Utilization rates vs Realization rates

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very Professional Services Organization should keep a close eye on its utilization metric. It is a good way to understand how productive is an individual or a team.

Here is how you calculate utilization rates:

Add up all the billable hours in a period divided by the total workable hours of this period. For example, if an employee has recorded 30 billable hours over a week, and say the workable hours in a week is 40 hours in your firm, then the utilization rate is 30 / 40 = 75%

Now, this method is not always accurate because:

  • An employee can work more than 40 hours per week
  • It doesn’t provide any information on how the non-billable time was spent

So here comes the realization rate:

Add up all the billable hours in a period and divide by the total number of hours recorded by the employee (billable + non-billable).

The realization rate provides the right billable performance of this employee, whatever number of hours he has spent over the period. And if you are using the right software to track time, you will be able to better understand how your employees are using their time:

There are many reasons to record non-billable hours in a Professional Services Organization: the employee can be working on a commercial proposal or working on an internal project. In both cases, it is important to have metrics about his non-billable time, because it would be a mistake to see that his realization rate is low and jump to conclusions that his time is not optimized. In many cases, commercial activities and internal projects have high returns.

Make sure that you are using a software that helps you track time accurately, and follow-up your team’s productive performance.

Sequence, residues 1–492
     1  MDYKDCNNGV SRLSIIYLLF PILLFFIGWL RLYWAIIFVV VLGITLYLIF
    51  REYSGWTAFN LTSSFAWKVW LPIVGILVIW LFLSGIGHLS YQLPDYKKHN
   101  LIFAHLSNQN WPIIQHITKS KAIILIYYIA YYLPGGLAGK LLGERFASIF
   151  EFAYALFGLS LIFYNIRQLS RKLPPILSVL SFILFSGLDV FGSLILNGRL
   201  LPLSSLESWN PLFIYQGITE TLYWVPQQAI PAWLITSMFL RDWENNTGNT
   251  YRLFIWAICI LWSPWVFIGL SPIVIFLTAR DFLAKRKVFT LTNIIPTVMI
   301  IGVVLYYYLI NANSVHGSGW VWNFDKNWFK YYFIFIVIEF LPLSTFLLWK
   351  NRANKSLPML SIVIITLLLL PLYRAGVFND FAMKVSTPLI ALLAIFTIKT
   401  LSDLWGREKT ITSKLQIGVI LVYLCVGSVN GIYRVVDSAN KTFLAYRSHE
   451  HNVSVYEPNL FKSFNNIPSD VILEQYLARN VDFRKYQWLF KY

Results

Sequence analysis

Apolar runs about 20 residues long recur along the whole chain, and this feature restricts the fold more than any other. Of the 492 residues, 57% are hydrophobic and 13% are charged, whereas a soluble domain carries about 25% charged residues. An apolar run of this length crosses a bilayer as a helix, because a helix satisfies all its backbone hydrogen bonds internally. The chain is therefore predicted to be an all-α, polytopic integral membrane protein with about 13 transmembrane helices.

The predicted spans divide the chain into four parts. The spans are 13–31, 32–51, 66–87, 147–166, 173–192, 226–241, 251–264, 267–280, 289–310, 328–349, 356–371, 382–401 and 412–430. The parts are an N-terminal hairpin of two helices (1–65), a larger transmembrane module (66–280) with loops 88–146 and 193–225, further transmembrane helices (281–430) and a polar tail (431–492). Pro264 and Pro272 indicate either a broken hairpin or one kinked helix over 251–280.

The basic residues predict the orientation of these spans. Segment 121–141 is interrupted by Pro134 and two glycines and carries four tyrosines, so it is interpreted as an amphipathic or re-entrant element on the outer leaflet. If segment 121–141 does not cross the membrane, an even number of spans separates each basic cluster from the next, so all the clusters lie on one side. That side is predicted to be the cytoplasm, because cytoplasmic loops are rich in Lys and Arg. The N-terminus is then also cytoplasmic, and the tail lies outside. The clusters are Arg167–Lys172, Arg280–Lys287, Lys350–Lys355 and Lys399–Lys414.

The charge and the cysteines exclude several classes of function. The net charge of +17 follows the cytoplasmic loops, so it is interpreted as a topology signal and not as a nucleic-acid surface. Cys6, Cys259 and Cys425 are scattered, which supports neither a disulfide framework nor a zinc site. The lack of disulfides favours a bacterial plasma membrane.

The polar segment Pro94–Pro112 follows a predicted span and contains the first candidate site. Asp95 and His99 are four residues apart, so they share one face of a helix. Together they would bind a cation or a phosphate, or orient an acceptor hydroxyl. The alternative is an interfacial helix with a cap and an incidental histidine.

Recording precisely and looking at the right reporting is the first step. The next step is to optimize your resources, and this will be the topic of another post.

In Stafiz, we like to show a very useful KPI: we call it the production rate

It takes everything into account (past and future time, expenses) and tells you if you can anticipate to over perform or under perform the project. Here’s how we calculate it:

Project fees / [Actual and future labor time spent on the project x Daily rates]

Of course the denominator takes into account the different daily rates of each member involved in the project.

So, if you have sold the project at the exact value of the time planned for each team member, multiplied by their daily rate, you plan to realize a Production rate of 100%.

Let’s take an example: You have sold a project $100 000, and plan to have a junior working 60 days at $1000/day, a senior working 20 days at $1500/day and a director working 5 days at $2000/day: (60 x 1000 + 20 x 1500 + 5 x 2000 = 100 000). So in your plan, the production rate is at 100%.

But, let’s say you are a month in the project, and now you anticipate that the junior will spend 70 days, the senior 25 days, and the director 6 days. Now, the value of your production is (70 x 1000 + 25 x 1500 + 6 x 2000 = 119 500). So the production rate is = 83.7%

It doesn’t mean that your margin is negative, because your daily rates may include a significant margin compared to the real cost of your collaborator. But it means that you are under performing compared to your initial plan, by 16.3%.

You need to find ways to speed up the project or justify a price increase to your client.

It also happens that over the course of a project, your client may ask for additional work. In this case, you need to review the initial plan, adjust the fixed-fee sold, and take it into account in your performance analysis. In Stafiz, you can do it by adding as many new “production plans” as necessary.

There are many reasons why a project becomes unprofitable: commercial activity costs have been underestimated, expenses have not been included in the margin calculation or you are just stuck on the project and spend more time. In some cases it will be the opposite, and you will end up much more profitable than planned. The most critical aspect of all this, is to ANTICIPATE. You need to have the reporting tools to have real-time visibility over your project financials. It will help you set the appropriate bidding price, and it will help you have enough time to react and take decisions to speed-up the project or reduce costs when you still can.

What else are you guys looking at?